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Authority and Justification in Theological Ethics: A Study in I Corinthians 7
Paul W. Gooch
The Journal of Religious Ethics
Vol. 11, No. 1 (Spring, 1983), pp. 62-74
Stable URL: http://www.jstor.org/stable/40014957
Page Count: 13
You can always find the topics here!Topics: Christian ethics, Ethical justification, Religious ethics, Morality, Deontological ethics, Teleological ethics, Theology, Obedience, Appeals to authority, Reason
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Moral philosophers have frequently criticized theological ethics for its dependence upon divine authority and its consequent lack of autonomy. To test their perception of religious ethics and mentality, this paper examines the ways in which Paul justifies his ethical advice in I Corinthians 7. Analysis of his reasoning reveals that Paul invokes his own authority as well as the Lord's rulings and the commands of God. These are, however, related in ways which encourage freedom of interpretation and application. In this text at least, theological ethics cannot be reduced to simple obedience to religious authority.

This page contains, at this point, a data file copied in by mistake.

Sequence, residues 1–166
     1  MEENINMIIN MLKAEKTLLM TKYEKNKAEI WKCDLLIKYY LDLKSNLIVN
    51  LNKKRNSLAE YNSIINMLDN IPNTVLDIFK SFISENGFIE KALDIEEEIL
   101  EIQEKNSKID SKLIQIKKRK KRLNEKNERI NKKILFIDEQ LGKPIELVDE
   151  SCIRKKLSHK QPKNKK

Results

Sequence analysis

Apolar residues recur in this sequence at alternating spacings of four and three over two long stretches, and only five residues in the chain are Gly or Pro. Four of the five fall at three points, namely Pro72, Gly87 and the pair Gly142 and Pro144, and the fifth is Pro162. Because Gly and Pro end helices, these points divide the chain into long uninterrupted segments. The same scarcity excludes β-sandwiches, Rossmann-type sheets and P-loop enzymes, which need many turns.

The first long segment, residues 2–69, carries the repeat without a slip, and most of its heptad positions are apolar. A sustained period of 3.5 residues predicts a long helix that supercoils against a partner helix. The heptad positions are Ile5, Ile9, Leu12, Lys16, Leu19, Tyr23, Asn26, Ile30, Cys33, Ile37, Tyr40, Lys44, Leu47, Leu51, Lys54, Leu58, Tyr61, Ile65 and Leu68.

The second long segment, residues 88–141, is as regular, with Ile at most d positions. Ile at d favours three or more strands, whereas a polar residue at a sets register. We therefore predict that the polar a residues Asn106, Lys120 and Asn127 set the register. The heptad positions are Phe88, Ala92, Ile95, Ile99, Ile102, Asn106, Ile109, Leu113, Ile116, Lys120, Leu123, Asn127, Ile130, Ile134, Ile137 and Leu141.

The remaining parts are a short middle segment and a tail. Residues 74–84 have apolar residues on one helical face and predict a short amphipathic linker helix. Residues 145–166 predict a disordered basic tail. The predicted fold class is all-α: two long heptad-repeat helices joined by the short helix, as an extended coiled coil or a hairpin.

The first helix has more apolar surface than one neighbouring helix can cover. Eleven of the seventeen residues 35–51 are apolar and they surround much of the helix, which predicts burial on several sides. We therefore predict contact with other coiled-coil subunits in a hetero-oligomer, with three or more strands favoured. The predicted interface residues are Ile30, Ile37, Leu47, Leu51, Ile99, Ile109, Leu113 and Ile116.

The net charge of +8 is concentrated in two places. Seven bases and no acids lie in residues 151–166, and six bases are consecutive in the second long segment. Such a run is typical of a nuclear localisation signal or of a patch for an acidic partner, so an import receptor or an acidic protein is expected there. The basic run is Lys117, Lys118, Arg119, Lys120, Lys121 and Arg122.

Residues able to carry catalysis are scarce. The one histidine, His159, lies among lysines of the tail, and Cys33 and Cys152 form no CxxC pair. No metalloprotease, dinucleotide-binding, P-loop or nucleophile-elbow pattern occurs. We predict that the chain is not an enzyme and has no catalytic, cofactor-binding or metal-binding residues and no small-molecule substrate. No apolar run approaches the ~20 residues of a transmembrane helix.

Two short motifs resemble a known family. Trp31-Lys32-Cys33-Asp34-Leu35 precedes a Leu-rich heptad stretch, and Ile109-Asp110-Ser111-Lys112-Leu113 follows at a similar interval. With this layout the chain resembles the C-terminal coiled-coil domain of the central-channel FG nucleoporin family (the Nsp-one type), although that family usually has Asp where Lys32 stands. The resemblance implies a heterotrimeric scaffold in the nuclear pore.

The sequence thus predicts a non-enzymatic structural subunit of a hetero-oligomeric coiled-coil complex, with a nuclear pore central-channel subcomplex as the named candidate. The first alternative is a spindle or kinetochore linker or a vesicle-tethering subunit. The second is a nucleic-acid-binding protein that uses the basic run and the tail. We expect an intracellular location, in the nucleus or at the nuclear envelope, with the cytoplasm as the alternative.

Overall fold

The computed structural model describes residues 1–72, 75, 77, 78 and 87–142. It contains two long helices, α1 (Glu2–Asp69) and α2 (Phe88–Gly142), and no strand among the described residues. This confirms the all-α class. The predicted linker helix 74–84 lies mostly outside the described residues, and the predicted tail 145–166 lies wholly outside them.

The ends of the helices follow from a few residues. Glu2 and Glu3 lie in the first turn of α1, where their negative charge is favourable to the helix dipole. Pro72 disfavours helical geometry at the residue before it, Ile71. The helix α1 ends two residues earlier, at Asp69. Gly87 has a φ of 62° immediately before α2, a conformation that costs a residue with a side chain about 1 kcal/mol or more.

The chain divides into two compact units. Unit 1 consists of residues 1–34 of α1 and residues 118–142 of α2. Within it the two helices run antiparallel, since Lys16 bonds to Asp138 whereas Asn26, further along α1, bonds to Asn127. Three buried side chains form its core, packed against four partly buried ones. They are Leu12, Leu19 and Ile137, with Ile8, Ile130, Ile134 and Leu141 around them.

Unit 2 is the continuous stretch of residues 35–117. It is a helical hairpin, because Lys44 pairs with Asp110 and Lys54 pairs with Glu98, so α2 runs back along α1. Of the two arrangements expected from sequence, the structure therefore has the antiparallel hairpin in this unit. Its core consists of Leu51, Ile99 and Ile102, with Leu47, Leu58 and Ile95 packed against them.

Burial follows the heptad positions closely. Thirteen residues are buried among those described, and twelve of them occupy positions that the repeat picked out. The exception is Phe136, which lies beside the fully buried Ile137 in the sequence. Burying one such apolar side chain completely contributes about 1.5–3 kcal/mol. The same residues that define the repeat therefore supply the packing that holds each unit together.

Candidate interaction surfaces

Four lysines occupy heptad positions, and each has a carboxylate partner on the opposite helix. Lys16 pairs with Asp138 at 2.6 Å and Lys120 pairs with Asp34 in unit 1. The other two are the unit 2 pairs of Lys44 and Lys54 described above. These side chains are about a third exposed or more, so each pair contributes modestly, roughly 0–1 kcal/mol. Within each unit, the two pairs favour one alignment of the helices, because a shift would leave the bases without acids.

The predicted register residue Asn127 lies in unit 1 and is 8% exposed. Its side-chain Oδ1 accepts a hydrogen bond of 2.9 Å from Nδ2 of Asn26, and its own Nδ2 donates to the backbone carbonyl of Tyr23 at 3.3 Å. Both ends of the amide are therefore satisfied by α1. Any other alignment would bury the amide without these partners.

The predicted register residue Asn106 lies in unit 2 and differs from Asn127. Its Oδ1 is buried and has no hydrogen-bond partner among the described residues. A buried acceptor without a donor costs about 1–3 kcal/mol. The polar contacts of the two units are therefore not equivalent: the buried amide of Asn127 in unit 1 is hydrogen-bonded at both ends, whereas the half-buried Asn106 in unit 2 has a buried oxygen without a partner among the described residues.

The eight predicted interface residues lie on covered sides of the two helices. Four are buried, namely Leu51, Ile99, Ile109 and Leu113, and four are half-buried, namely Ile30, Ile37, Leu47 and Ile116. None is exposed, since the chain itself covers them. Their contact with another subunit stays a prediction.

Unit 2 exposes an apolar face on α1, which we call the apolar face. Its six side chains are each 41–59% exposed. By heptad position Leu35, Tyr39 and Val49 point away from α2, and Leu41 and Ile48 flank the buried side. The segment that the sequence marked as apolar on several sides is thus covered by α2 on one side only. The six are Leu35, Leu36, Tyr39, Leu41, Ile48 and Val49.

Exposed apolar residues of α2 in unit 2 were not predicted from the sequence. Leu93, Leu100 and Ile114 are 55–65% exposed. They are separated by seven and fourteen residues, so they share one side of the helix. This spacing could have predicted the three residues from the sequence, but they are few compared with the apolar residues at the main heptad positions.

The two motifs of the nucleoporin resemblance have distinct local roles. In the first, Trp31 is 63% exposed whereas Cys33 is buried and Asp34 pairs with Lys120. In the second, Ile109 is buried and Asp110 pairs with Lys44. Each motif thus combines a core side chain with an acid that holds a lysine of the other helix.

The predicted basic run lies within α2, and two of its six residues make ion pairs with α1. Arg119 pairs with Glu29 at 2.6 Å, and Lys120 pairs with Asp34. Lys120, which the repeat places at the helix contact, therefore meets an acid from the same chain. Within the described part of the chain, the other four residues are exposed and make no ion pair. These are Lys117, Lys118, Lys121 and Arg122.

The Journal of Religious Ethics © 1983 Journal of Religious Ethics, Inc